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Vendor Welcomes Informal Sector Plan

Vendor Welcomes Informal Sector Plan
From left: Timoci Duadevo, his sister Ema Niasala and Sitiveni Kina selling coconuts early in the morning in Martinatar, Nadi. Photo: ARISHMA DEVI
June 27
10:41 2016

Martintar vendor, Timoci Duadevo in Nadi has welcomed the announcement about formalising business in the informal sector.

He was responding to a statement by Attorney-General and Minister for Finance,Aiyaz Sayed-Khaiyum.

Mr Sayed-Khaiyum said Government will ensure that people of informal business sector will become part of formal sector in a few months.

The A-G spoke at the launch of Youth Entrepreneurs Council at Tanoa International Hotel in Nadi on Saturday.

“There are so many people in Fiji who are in the informal sector who we don’t actually count as part of mainstream economy,” he said.

He said vendors who sell on the roadside are part of the informal sector.

“In Martintar, just before MacDonald’s, you see these young men sometimes selling lobsters or sometimes selling coconuts.”

“You go to Korovisilou, people selling coconuts, some of them some days make $150 per day, and sometimes they may make $20 a day.

Mr Sayed-Khaiyum said it was part what the Government is planning of doing in the next few months in to formalise people out of informal sector.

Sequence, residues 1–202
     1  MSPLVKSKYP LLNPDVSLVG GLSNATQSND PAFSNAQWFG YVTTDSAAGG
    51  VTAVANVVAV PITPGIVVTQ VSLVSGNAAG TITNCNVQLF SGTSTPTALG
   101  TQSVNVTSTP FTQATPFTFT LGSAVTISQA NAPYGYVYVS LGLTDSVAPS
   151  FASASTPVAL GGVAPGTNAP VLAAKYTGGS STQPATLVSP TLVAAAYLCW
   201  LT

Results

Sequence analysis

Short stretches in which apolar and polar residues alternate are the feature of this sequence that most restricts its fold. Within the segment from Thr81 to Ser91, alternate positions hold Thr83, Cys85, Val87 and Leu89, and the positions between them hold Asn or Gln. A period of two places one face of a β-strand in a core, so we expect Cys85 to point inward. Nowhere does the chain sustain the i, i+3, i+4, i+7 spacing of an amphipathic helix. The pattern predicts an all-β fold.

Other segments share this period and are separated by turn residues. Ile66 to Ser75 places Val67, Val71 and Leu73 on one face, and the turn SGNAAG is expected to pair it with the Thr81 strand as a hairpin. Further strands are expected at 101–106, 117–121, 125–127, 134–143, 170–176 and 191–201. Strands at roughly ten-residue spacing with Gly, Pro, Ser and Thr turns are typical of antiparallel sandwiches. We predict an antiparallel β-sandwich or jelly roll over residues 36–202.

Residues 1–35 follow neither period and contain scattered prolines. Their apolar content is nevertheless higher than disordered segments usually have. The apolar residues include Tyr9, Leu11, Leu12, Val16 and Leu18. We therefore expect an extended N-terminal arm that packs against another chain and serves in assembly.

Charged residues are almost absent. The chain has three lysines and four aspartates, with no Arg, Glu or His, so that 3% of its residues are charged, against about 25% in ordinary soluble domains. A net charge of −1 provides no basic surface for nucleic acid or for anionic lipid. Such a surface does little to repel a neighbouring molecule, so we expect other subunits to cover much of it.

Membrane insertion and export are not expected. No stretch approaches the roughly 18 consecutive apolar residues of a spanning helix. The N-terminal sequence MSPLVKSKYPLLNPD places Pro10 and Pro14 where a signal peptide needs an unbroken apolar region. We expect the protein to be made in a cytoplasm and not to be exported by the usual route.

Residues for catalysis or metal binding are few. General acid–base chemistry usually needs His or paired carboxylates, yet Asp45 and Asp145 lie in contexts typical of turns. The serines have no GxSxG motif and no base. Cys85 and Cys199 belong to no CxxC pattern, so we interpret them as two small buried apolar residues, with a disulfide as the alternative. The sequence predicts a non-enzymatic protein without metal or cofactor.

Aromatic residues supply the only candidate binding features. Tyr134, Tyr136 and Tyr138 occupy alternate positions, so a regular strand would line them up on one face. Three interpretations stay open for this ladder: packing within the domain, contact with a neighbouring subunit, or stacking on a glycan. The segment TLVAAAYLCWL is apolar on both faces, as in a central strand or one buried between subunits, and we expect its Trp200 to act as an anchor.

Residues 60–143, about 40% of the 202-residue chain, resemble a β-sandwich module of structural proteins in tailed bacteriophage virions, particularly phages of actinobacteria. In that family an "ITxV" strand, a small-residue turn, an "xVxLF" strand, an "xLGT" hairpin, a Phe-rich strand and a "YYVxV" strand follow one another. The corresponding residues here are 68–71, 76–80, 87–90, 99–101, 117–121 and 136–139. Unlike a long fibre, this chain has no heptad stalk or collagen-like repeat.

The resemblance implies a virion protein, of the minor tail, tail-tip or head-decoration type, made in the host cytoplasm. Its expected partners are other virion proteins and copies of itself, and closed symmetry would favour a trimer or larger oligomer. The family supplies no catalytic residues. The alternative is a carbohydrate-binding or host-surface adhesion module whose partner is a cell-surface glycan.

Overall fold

He said people must be rest assured that Government is working hard to provide assistance to youth in terms to developing the skill sets to be able to be job creators.

Mr Duadevo, a coconut seller in Martintar Nadi, said he was happy that the A-G noticed his hard work and hardship as well.

“We have been selling coconuts by the roadside for a long time and our business usually picks up with tourists around,” Mr Duadevo said.

He said he had almost 90 per cent tourists buyers that are locals and 10 percent are the community.

“If given opportunity we can scale up and do better, since the business is better with tourists,” Mr Duadevo said.

In the meantime, Mr Duadevo hoped the government would only provide him with basic essentials such as an umbrella and a table.

Mr Duadevo sells coconuts to support his family of eight.

He said they had to buy coconuts from farmers so their income had to be divided at the end of the day.



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